If gas prices were high enough to pay for the air pollution, health problems, foreign wars, and, of course, road construction caused by driving, imagine how short commutes would have to be for people to put up with them. People would either reject even more jobs further from home — potentially causing even more unemployment — or transportation options would need to radically improve, job sprawl would need to reverse, and urban design and settlement patterns would need to become far more dense and practical. Those could be preferable options to widespread joblessness.

6 thoughts on There Goes the Neighborhood: Why Homeownership Drags Down Employment

  1. It makes sense that the sunk costs of having a mortgage would make labor less mobile, even if people are not underwater on their mortgages, because if you don’t stay in your house for at least a few years you are losing money, if not in absolute terms then at least relative to renting.

    Note, however, that this issue is largely irrelevant to the things that most people on Streetsblog care about. The immobility of labor due to high home ownership rates in sprawlsville could be rectified by having SFRs in the burbs operated as rental properties – something that the powers that be are trying to encourage.

    On the other side of the coin, it’s possible to imagine a walkable, bikeable, mixed-use neighborhood with high apartment/condo/coop ownership rates that would be susceptible to the same problem. We have a suite of federal and state policies that encourage SFR ownership in sprawlsville and discourage ownership in denser areas, but it doesn’t have to be that way.

    The result of the study do provide even more evidence that we should reexamine our policies that encourage ownership and discourage renting, but that’s about it.

  2. This is not an argument for mixed use development.. because often mixed use development includes condos, which are owner occupied. You have the same problem with an immobile workforce.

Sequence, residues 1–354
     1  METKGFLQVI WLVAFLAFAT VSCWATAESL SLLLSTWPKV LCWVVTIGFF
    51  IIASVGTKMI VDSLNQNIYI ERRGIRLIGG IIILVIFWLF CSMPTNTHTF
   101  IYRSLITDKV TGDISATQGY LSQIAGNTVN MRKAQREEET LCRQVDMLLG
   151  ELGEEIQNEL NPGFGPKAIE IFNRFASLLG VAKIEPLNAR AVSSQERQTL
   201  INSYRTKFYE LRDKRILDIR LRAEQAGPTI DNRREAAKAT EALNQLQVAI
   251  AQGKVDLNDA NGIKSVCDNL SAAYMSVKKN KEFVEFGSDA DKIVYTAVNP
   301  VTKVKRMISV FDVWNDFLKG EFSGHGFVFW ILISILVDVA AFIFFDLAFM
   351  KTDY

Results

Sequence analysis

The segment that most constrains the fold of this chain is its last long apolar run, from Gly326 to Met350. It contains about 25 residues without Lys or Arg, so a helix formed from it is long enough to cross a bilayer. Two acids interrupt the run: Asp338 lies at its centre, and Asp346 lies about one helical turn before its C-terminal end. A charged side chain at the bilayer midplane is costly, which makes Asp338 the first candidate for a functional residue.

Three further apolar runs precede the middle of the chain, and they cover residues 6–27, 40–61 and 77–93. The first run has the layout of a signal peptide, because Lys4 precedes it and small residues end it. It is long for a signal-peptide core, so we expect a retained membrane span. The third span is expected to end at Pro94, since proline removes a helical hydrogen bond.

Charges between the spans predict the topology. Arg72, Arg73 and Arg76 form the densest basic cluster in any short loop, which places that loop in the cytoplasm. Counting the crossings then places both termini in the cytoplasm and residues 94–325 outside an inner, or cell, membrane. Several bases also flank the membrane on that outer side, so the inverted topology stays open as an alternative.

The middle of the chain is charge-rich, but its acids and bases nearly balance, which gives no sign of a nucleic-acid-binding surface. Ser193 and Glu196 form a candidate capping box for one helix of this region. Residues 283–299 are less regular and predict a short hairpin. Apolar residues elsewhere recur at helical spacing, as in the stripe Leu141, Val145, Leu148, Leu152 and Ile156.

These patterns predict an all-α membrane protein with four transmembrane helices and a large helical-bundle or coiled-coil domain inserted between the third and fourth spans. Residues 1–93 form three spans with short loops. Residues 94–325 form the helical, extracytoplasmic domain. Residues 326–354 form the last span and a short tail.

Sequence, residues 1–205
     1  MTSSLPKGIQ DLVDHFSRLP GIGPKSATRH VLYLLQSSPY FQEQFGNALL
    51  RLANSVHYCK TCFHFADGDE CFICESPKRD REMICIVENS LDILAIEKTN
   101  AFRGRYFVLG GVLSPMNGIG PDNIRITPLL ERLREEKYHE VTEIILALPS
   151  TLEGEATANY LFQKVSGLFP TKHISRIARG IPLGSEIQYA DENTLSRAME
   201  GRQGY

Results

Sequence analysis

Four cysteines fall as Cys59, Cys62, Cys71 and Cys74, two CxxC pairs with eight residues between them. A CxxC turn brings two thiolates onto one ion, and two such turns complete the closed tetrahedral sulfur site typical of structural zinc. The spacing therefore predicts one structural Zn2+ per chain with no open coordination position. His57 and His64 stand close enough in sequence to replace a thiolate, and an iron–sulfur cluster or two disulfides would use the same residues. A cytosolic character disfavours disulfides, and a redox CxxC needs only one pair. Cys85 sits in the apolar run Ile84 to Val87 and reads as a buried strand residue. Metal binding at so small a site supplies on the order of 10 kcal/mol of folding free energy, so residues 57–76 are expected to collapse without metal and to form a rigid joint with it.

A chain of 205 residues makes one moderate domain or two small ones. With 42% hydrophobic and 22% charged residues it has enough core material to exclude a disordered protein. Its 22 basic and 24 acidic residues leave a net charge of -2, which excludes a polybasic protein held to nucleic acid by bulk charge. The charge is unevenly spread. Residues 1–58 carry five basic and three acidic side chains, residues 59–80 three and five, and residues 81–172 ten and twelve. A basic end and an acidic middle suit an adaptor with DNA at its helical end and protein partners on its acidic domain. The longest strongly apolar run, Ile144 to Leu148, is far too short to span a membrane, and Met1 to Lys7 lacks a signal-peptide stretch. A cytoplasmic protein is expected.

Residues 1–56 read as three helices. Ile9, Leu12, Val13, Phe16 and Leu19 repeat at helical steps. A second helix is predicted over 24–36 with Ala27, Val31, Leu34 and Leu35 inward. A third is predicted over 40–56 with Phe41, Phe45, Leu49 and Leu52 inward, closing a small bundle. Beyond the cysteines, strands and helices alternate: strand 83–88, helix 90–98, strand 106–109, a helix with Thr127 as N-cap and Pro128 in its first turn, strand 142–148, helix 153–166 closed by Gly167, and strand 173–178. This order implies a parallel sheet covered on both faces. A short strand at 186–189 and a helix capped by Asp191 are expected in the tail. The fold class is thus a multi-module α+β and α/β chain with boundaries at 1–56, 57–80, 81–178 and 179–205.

This is why I don’t think mixed use is really the panacea to the commute problem. The thought with mixed use is that people will live close to their job. Well, today, the average tenure at a job is somewhere around five years. After this time, if you’re next job is not near your house (or mixed use condo), you’re right back to a long commute if you’re owner-occupied. If you’re a renter, it’s easier to pack your bags and move.

  3. Sounds like they’re trying to justify higher taxes on gasoline. Why don’t we go ahead and improve the transportation problem,
    instead of getting more and more studies on why something like this.
    People enjoy living in the suburbs, where there is not much
    overcrowding, that’s why they move there. And they enjoy owning their
    own property, and not having to be susceptible to the whims of a landlord. So, to make them all become renters is not really what most people want.

  4. The thing is you can’t really “improve the transportation problem” when people are spread out on 1/2 acre lots. Infrastructure per capita in such areas costs more than in denser areas. Most suburban residents may want the suburban lifestyle, but they’re unwilling and/or unable to pay its true cost. End result is in aggregate urban areas end up subsidizing their suburbs. There really is no viable solution here to solve the problems of suburbia which is fair to all parties. The hard fact is suburban living uses vast amounts of energy and other resources. We no longer have cheap energy. Also, we have limited farmland. In fact, it’s looking like the amount of viable farmland will decrease thanks to climate change. As a result, we can’t afford to waste land which could grow crops for tract housing, malls, highways, or parking lots in the suburbs.

    You can still have your own property in the city. There are condos, coops, and single/multi family homes (on much smaller lots than in the suburbs, of course). Realistically, unless you’re growing most of your own food, you don’t need a large plot of land. I really have no objection to anyone wanting a lifestyle like that if they’re willing to pay the true costs. The end result of this however is the suburbs will largely return to what they were a century ago-havens for the wealthy.

  5. That’s a REALLY GOOD POINT! I’d go on to argue the cultural damage due to the lack of community building that comes with such regular turnover too.